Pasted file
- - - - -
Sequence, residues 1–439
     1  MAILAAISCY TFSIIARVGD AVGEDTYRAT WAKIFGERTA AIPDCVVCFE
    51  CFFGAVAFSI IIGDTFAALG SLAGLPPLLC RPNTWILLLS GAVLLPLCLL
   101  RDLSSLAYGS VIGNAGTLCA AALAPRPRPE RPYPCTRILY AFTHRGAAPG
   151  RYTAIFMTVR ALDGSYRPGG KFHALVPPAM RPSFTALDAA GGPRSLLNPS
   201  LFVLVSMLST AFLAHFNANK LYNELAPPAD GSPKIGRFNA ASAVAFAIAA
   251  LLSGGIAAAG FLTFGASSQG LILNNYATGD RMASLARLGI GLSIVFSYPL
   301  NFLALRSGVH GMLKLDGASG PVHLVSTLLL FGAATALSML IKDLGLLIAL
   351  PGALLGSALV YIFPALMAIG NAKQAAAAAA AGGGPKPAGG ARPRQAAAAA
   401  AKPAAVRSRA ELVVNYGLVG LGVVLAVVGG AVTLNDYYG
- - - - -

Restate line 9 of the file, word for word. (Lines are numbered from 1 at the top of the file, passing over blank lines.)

   351  PGALLGSALV YIFPALMAIG NAKQAAAAAA AGGGPKPAGG ARPRQAAAAA